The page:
The Colour Wheel | The Basics in Colour Theory | E-13 | Mick Janssens | Skillshare

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The Colour Wheel | The Basics in Colour Theory | E-13

teacher avatar Mick Janssens, Artist

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Taught by industry leaders & working professionals
Topics include illustration, design, photography, and more

Watch this class and thousands more

Get unlimited access to every class
Taught by industry leaders & working professionals
Topics include illustration, design, photography, and more

Lessons in This Class

5 Lessons (12m)
    • 1. An Introduction to the Lesson

    • 2. The Colour Wheel

    • 3. Different Colour Schemes

    • 4. Break Down of Colour Theory

    • 5. Recap

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About This Class

Have you ever heard about Colour Theory, and thought "what on earth is that?!". Then you were like me a couple of years ago. That is why I created this lesson, to help everyone who struggles when it comes to understanding the 'Colour Wheel' and Colour Theory. In this lesson I will go through the colours which make up the 'Colour Wheel' and break into down into its parts. I will also touch a little on Colour Theory and how to apply the 'Colour Wheel' when creating paintings and the different colour schemes you can have and how they effect paintings and the effect on your viewer. So without further ado, take your seat in E-13 which is reserved just for you, and we can start!  

Meet Your Teacher

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Mick Janssens



Hello everyone! I would like to welcome you to my classroom, or E-13 as I like to call it. My name, as you probably read in the title, is Michael. I am an Artist from the UK and I tend to think of myself as a "Landscape painter" due to the fact that the subject I tend to paint is, unsurprisingly, Landscapes. I (at the time of writing) have been painting for 2 years now and have gone on a massive journey, which has led to where I am now. I am very excited to share with you all what I've learnt and help you wherever possible. I hope you enjoy your stay here and hope, with all my heart that I can help develop your own artistic talent. 

With that being said....I shall see you in E-13.

Forever yours, Michael xx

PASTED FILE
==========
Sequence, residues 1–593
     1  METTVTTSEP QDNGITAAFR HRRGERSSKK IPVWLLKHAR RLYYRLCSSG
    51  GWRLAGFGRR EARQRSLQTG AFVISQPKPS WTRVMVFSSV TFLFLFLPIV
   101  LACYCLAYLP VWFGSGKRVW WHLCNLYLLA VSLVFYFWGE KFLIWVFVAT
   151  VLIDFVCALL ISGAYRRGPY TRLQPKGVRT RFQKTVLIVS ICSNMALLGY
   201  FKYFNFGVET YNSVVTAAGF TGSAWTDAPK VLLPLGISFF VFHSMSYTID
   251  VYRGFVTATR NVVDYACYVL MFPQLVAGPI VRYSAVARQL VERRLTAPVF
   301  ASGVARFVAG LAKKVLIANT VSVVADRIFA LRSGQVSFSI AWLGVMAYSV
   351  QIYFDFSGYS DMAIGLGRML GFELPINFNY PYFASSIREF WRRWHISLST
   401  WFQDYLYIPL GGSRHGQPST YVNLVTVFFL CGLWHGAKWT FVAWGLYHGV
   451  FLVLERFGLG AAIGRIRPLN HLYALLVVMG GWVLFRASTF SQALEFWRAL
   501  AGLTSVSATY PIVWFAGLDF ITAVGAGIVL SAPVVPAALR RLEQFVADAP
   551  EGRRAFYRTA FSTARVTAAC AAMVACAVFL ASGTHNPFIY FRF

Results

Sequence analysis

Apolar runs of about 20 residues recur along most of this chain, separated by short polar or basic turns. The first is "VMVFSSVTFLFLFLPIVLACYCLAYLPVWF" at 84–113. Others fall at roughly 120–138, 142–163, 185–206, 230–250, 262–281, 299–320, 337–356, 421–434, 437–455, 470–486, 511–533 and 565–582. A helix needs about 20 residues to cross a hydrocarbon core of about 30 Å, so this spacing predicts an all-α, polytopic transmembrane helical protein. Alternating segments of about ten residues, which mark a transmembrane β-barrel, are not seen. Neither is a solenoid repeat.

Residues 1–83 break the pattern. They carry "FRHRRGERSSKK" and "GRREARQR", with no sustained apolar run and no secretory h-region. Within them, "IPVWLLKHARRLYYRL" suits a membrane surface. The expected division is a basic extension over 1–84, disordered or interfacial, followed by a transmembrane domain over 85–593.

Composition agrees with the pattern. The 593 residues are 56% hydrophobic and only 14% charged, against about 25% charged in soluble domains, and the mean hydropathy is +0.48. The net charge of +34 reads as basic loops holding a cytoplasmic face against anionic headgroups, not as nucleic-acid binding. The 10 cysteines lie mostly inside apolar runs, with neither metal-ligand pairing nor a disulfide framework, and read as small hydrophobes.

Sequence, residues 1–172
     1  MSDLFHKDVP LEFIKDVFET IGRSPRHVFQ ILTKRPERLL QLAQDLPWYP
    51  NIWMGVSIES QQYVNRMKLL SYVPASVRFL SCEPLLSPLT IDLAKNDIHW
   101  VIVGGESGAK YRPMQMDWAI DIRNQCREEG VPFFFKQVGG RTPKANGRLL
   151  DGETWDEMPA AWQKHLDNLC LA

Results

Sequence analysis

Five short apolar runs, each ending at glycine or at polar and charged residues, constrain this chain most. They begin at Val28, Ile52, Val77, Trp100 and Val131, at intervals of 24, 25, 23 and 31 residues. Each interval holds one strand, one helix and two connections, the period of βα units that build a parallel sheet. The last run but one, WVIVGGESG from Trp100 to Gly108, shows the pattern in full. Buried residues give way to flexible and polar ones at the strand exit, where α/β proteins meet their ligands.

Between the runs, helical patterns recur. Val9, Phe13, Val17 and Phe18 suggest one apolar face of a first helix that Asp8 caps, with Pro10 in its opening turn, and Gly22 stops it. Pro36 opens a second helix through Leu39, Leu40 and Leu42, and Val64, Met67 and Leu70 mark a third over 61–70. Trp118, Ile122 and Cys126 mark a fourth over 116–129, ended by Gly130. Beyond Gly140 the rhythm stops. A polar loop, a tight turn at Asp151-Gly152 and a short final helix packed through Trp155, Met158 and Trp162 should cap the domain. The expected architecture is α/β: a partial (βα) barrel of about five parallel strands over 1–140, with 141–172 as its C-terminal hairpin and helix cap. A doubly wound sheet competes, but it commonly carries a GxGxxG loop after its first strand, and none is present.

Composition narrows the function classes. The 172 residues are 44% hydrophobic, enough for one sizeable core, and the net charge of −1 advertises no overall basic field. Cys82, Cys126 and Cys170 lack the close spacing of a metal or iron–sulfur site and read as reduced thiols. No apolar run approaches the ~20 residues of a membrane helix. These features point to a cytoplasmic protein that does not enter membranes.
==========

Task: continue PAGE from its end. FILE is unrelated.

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1. An Introduction to the Lesson : - Hello . My name is Michael, and I love to walk into my classroom now one of the biggest problems that I had when I started painting a good couple of years ago, it was to try and get my head around color theory and the color wheel in general, so I spent a good couple of years trying to learn it. Andi, apply it to my artwork and I want to share what I've learned with yet. Now I want to make it as easy for you as possible so you don't spend them out. All I did trying to figure out. So to start with, I think it's helpful to start with the color wheel. Now. A good, solid knowledge and understanding of this wheel is going to help you so much when you come to trying to put painting together and create harmonies and color schemes, which helps to put the moved off the painting across to audience, so I'm going to jump straight into it. 2. The Colour Wheel : So, first off in our color will you have the primary colors, which are blue, yellow and Brett now. These primaries, because they cannot be mixed by mixing any other pigment together, but when mixed themselves for every other color in the color wheel and the's are the secondary gunners, which is the second tier, if you like off the wheel. And these are the secondary comments. You have purple, orange and green or made by mixing primary colors together and have included it and what you're seeing right now. These form the second layer in the front wheel, helped to make the next layer up, which are tertiary colors. On here we have the tertiary colors now the air made by mixing a primary color with a secondary Connor. But you need to make sure that the colors are next to each other on the color wheel, and I'll show you one screen now because you get a really interesting color if you don't on a little tip on making colors. If you want to make brown, you want to mix two complementary colors together. Say red and green, and you'll get a nice brown, which you can change to it leans towards the green side more than the red or vice versa. Depends on what kind of color you're going for. Now that is the color wheel in general. And now we've got a good idea of what is about. We can move on and start thinking about trying to put together some color schemes and color harmonies for your paintings, so I shall see you in the next bit. 3. Different Colour Schemes: when you're looking to create to painting, one thing you can think off is the mood that you want to send across to your viewer. Now you can do this by the colors you pick, for example. You know, it's a very warm color. It instills a lot of joy into people when they see it to May. This is to do with the temperature off the collapse, not how Hatta is physically but the warm before or the coldness of a color. For example, the warm colors are your yellows. Your reds, oranges and cooler colors are green blues. Greys patra. So think about the mood you want descendant, and then you can pick your palate accordingly. Now I'm gonna get into some different kinds of color schemes, even pick so you can have a look off what they look like and what they are. So to kick things off, we have two very similar color schemes, which are a chromatic. Andi, monochromatic. A chromatic is basically black and white. You have to get back. My picture of that is a chromatic on a little tip. If you want to, you can create a color scale with neutral gray in the middle and then either end. You have your contrasting black and whites, and monochromatic is very similar, as it's the one color in varying, different value. So you have a blue in loaded, one shade of blue, and I shall put some examples off thes both color schemes on the screen for you to have a look at. Next off in our list we have is a triad IQ color scheme. Now this is basically colors that are placed evenly around the color wheel. Now this creates a vivid painting, which offers loads of contrast and really makes each other pop. Now, a little tip. If you want to use this particular color scheme, is pick one color. You want to dominate the painting and used the others as accidents. Otherwise, it can just get really confusing for the viewer, and they don't know how to feel. And it just gets super messy on a very similar color scheme. To the tragic is the analog, which uses colors which are placed next to each other on the color wheel, and again, this creates a lovely harmonious painting for you because the colors just work together. Now again with the tragic color scheme best to pick one color to dominate your painting and used the others as accents because it can get super confusing again. On lastly, in our color scheme, Little section is the complimentary color scheme. Now this uses colors that are placed opposite each other on the color wheel. And as I said before, it's a good way of making a brown color is he was in complementary colors because they kind of cancel each other out. Now this color scheme is incredible. For contrast, it offers loads of contrast your reds and greens. They work together. It's like Christmas. They work together. This is so useful in creating paintings that you want a bit of pop to it. Andi makes super vibrant paintings. And again, like with the others, I will show you some examples on screen. So you have a look out 4. Break Down of Colour Theory : so to breakdown color theory a little bit more. I want to add three sections to this part, and it's basically hopefully making easy if you to understand the the ideas behind color theory. Now the first section is about value off a color. Now I've put the definitions on screen before this so you can have a look. And so you understand what I'm talking about. But value is basically the lightness or darkness off a color. Now, when photographed in black and white, yellow appears to the whiter end and purple appears to the black, so is useful to paint it black and white because it will help train your brain in tow. Recognizing values of Connors Now a little tip on black and white. They don't work as you'd expect them to work. Black has a nasty habit off muddying colors. Instead of using black, try using the darkest possible combination of your three primary colors to darken your color instead of black. And when it comes to a white, this cools colors down really well. But it has the habit of going chalky and passed early, so you might want to add a bit of a warm kind of first to tone it down. What you might want to do as well is mixture comes first, then had white to it. I want to expand on temperature a little bit. I have said it previously in this video, but I want to take the time to expand on it a little more. You have to, Connor's. As I've said, you have warm colors, which are you. Read your oranges in your yellows and you're cooler colors, which are your blues greens and your purples. Now, I think to know is that a colors temperature relates to others around it on. This is particularly important when you're trying to paint in three D or suggest the illusion off depth as the cooler colors tend to recede from you and the warmer colors tend to advance towards you. Just take, have a look outside and you'll see what I mean on the last section is about the colors chroma or how intense the country's. Now. With this, you can change it by adding a tone, a tent or a shade, which are gray white on black, respectively. Or you can add a complementary color, which also effects the come up as well. For example, adding orange to blue, green to red or yellow, too purple. Also, the chroma off your secondary and tertiary colors depends on how they relate to the color that you're mixing in for high chroma color mixes. You want to pick ones that are close together on the color wheel and likewise for low the furthest away. Now it's a very good idea to limit the amount of painted that you put into a color because it can just muddy up and get brown everything tons toe brown Oh, great. 5. Recap : right. And here we are now, I hope this has been helpful to you. And I hope you've got a better understanding of the color Wayland bit about color theory. Now, when it comes to picking a palette now, this is completely up to you. It's your personal preference. If you prefer the blues, for example, more than the yellows and the reds Go for it. Pick. Ever call. You won't just think about the mood and the message you're trying to send across to your viewer and you have no problem whatsoever. I think it's more Just make something that you're happy with and something that sends the message that you want percent. So I shall see you next time, Andi, in my next lesson. So I hope you can join me. They're not love to see you back in my classroom and bye bye